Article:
I love Leonard Nimoy on the show too.
Joel Wyman: He's fantastic, right?
Jeff Pinkner: He is.
How did The Observers come about, whose idea was this?
Joel Wyman: As you say that real quick though, I failed to mention that we also have a kind of really cool episode coming up that deals with Walter's memory and William Bell specifically.
Joel Wyman: How The Observers came up? When we first started imagining, there was a pilot, and when we first started like ... blue sky and what the series would look like, The Observers was one of the first ideas that came up in our earliest conversation. And it was just sort of the idea of, JJ said earlier today in a conversation, that when you just start to imagine a world, you start to think what would be really fun, and sometimes you just want to like surprise yourself, and give yourself a really cool puzzle. One of the one's that came to mind was what if there were these characters who by all accounts all they did was watch, and our team, Olivia specifically, and ... realized that there are these events that seem significant to them. But suddenly when that is, they realize there's a guy who seems to be at all these events around the world, sometimes two, almost simultaneously watching that they take on a whole new heightened significance, and of course he does, and part of it's funny. We just thought this bald man in a black suit was funny.
I was going to ask if Peter discovers his true origin before the end of the season?
Joel Wyman: Does Peter discover his own life?
Jeff Pinkner: It's funny, my wife likes to read the last page of a book first and it drives me crazy, and she claims to still enjoy it knowing the end. But she can't stand the suspense, and she sits me down and like won't give me dinner until I tell her secrets about the show, and I refuse. So in this instance, I think it's best that, certainly we're in the middle of the story and it's certainly one of the biggest hanging questions, and I think if we gave you a definitive answer one way or another, we'd rob it of a lot of attention.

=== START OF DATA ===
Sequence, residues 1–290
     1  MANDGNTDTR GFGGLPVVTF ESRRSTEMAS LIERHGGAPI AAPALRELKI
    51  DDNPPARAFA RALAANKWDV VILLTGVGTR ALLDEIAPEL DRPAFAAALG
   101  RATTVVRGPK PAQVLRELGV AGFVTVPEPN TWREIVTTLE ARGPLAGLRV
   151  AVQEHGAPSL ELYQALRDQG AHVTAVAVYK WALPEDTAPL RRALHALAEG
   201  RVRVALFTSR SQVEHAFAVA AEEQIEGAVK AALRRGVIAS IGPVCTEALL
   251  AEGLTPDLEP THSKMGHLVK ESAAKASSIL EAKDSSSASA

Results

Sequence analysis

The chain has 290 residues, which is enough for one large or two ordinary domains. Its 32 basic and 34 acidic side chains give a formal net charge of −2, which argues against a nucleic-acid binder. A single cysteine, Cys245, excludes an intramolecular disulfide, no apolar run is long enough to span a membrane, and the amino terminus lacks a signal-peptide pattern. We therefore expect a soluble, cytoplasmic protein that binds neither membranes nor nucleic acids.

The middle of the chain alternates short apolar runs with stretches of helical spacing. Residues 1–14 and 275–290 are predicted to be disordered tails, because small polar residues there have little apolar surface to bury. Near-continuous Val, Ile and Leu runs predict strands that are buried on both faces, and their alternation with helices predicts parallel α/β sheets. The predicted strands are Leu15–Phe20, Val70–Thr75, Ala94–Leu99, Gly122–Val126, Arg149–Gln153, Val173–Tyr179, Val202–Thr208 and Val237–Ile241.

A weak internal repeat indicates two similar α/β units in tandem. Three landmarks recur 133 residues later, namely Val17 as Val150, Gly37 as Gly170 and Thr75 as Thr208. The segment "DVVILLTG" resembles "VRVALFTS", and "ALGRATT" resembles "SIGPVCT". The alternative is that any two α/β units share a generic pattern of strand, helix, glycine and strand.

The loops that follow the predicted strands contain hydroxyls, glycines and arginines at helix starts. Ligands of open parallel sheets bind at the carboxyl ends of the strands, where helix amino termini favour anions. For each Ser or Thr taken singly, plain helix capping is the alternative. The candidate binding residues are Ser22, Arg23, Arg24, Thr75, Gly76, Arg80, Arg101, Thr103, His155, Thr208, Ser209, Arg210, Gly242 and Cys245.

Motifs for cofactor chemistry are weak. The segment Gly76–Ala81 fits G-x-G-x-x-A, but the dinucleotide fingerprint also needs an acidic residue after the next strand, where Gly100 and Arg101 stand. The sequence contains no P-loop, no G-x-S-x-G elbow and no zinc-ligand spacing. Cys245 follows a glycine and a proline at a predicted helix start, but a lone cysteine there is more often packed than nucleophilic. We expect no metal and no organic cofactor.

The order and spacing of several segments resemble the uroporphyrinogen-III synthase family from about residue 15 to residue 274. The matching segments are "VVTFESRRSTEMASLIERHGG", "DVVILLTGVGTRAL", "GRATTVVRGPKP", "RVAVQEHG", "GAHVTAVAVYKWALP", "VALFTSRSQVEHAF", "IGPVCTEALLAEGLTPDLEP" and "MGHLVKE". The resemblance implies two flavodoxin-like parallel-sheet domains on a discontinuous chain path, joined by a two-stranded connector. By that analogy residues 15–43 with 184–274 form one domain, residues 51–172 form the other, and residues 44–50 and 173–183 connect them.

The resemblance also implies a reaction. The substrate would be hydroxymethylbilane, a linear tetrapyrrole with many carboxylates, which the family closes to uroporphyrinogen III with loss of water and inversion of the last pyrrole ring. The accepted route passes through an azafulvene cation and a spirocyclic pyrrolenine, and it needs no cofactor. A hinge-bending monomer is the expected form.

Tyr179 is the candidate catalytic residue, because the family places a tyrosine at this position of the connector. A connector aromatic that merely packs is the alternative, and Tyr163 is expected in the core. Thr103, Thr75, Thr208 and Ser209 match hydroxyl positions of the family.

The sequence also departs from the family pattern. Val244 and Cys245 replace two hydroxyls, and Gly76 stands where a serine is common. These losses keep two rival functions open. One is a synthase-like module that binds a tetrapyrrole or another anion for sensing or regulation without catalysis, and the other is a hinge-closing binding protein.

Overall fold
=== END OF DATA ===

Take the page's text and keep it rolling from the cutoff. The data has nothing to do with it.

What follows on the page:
Well, my other question, can you give us a glimpse of what story lines might be coming up in season three?
Joel Wyman: God willing, we'll have a season three, let's have this phone call again.
Jeff Pinkner: We have a plan, but we can't really- Yes, I mean I wish we could, we really, if we're lucky enough, we have six seasons that we're really excited about. It's such a great show to work on, because we're only limited by our own imaginations. Once you start to get into this wonderful framework of the characters and stuff, it's so much fun. We're constantly saying, "Oh, what about this?" And then all of a sudden, we're like, "Well, that will be a season three thing, yeah," and then before you know it, there's so many things on the season three pile that you realize that it takes shape and you go, "Wow, this is really great," but I wouldn't want to elaborate.
Well, let me ask this then, one more try, you've got so many great things with a great cast and great story lines, are there any creative elements that if you could go back and change you would do them differently?
Jeff Pinkner: That's a good question, that's a really good question. This is going to sound like, yes, of course. There are moments that we wished we played differently, and maybe there's some small choices, but I think we're really happy with where we are right now.
Fringe airs on Thursday nights at 9 PM ET on Fox.